HB 2730 increases the driver license sanction from a one-year CDL license disqualification to a lifetime disqualification if a person uses a motor vehicle to transport, conceal or harbor an alien. If a child is engaged in conduct involving a severe form of trafficking persons, a judge at a juvenile hearing is required to order the juvenile's driver license or permit to be suspended.

HB 2730 prohibits DPS from issuing a driver license or identification card to a person who has not established a domicile in Texas. The law specifies that an applicant may receive a driver license at a post office box only if the applicant's residence address has also been provided, with some exceptions.

Motorcycles etc.: SB 1967 requires that applicants for an original class M license or class A, B or C driver license (including commercial driver licenses and permits) with authorization to operate a motorcycle, provide evidence of completion of an approved motorcycle operator training course. It also repeals the helmet exemption sticker program.

Current law requires a person be covered with a minimum of $10,000 in health insurance for injuries incurred in a motorcycle accident to be eligible for an exception for the offense of operating or riding a motorcycle without a helmet. As of Sept. 1, the minimum amount is removed.

The bill requires the Texas Department of Insurance to prescribe a standard proof of health insurance for issuance to persons who are at least 21 years of age and covered by an applicable health insurance plan. The law also increases the penalty for failure to yield the right-of-way if there is a crash that results in injury to a person other than the motorcycle operator.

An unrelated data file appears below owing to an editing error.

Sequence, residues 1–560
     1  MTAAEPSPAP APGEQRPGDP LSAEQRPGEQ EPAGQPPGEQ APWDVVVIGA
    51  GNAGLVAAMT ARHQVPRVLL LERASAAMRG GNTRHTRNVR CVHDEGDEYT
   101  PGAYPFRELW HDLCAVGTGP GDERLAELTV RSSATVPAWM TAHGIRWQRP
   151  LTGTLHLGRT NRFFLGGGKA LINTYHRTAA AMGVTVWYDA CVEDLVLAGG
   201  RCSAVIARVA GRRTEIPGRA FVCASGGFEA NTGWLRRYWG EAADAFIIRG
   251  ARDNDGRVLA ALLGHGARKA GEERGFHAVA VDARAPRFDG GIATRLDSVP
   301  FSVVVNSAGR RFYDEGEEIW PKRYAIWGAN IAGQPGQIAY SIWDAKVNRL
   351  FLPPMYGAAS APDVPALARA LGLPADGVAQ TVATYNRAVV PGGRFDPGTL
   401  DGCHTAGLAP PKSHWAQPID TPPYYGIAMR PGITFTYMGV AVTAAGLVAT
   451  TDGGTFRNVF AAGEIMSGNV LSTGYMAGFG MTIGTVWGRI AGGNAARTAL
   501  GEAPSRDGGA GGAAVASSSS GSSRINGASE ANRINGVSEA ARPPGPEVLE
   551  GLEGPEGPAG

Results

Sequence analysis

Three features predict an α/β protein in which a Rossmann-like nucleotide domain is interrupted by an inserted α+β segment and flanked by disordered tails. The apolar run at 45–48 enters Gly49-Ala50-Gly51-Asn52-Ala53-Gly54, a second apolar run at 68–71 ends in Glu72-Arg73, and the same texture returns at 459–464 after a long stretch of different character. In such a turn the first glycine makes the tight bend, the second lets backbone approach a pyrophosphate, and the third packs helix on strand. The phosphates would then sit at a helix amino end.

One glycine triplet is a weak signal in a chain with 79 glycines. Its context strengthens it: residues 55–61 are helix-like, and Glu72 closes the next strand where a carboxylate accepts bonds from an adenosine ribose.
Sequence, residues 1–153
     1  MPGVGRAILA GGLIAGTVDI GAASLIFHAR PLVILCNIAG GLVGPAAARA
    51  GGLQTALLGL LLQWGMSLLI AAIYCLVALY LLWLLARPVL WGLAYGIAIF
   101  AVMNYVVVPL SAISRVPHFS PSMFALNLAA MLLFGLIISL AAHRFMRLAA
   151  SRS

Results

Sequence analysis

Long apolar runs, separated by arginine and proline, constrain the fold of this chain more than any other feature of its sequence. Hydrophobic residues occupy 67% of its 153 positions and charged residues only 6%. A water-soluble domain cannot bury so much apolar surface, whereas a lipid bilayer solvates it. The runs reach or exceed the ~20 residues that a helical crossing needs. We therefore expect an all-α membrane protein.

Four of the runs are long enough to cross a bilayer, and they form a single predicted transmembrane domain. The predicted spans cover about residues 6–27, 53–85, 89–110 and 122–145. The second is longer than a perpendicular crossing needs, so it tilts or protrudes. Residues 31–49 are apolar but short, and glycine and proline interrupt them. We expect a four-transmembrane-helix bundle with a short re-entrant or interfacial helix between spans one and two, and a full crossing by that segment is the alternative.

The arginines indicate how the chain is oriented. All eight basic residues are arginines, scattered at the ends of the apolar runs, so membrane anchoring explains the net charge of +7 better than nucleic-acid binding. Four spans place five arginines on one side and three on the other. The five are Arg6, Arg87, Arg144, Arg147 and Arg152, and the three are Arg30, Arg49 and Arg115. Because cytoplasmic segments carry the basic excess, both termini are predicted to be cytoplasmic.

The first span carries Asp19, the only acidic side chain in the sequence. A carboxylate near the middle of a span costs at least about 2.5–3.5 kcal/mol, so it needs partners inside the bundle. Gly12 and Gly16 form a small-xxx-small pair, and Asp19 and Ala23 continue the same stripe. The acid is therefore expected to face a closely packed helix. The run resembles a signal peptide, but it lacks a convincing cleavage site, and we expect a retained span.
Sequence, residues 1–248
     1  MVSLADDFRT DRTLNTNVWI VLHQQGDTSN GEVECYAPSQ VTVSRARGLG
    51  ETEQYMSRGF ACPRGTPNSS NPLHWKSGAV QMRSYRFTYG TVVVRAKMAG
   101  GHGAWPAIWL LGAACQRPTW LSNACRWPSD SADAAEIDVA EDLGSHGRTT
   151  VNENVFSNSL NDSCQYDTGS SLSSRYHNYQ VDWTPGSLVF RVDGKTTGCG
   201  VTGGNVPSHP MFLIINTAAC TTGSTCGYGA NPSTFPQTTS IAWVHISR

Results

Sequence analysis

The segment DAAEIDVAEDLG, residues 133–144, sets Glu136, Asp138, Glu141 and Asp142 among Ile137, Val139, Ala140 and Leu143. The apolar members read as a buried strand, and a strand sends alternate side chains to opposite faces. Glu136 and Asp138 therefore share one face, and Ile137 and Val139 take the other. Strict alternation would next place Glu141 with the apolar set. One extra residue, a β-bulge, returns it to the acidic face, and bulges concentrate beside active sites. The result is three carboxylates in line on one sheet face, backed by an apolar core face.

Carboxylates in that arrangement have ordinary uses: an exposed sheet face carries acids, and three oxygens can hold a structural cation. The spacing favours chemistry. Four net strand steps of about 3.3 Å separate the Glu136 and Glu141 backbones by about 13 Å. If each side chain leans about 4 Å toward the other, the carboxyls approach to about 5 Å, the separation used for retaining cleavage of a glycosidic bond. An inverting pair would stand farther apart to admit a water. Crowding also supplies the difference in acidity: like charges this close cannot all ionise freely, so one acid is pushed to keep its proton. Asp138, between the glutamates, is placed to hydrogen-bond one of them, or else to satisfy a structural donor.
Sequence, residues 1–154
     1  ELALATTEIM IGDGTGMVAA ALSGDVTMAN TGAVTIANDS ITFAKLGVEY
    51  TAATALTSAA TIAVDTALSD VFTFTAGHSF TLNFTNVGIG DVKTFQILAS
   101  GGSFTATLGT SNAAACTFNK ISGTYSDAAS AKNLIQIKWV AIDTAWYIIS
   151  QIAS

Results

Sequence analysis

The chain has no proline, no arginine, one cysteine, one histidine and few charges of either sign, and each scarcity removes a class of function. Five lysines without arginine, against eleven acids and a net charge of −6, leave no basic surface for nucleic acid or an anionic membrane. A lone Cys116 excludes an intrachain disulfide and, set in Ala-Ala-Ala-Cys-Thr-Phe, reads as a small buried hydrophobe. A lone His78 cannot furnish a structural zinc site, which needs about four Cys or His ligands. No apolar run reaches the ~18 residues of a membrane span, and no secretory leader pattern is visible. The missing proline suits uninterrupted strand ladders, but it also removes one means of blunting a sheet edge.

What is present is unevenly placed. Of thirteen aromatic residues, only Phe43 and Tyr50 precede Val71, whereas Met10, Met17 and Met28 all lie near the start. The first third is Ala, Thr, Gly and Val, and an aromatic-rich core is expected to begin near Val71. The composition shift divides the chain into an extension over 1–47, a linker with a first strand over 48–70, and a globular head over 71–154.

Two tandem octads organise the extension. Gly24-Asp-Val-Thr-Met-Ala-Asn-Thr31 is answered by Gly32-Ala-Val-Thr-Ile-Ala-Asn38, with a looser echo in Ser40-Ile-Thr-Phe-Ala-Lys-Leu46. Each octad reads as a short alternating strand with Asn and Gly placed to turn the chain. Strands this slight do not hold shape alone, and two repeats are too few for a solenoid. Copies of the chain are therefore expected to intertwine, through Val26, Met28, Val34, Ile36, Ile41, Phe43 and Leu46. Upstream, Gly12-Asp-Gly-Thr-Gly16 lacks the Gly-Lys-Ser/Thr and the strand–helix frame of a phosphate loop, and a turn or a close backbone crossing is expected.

Vehicle Inspection: SB 589 requires that a vehicle equipment safety compliance label be placed on a windshield, side or rear window stating that the window tinting complies with the appropriate provisions of the Transportation Code. Failing to place the required label on the vehicle could lead to a $1,000 fine.

Source: Texas Department of Public Safety,

Monday, August 10, 2009

Agents, Meteorologists Gear Up for Annual Texas Hurricane Tour

Agents, Meteorologists Gear Up for Annual Texas Hurricane Tour
August 10, 2009

E-mail this Article Post Comment Print this Article Article Reprints
For the fourth year in a row insurance spokesmen will team with meteorologists from the National Weather Service and independent insurance agents to warn Texas coastal residents of the potential dangers of hurricanes. This year's message is "What We Learned from Hurricane Ike," the costliest storm in Texas history. The coastal tour will commence Aug. 24.

"We can't emphasize enough that when our office sends out weather bulletins describing the intensity of a storm, coastal residents need to heed our warnings," said Gene Hafele, warning coordination meteorologist for the Houston/Galveston National Weather Service Office. "We would have lost fewer lives if many residents on Bolivar Peninsula would have evacuated, rather than trying to ride the storm out."

Twenty two people drowned when Hurricane Ike's 20 foot storm surge engulfed Bolviar Peninsula along with portions of Galveston, Harris, Chambers and Jefferson Counties. Ike's 110 mile per wind gusts were responsible for damage to half of all homes in Harris County. Ike created more than 800,000 claims with insured losses in excess of $10 billion.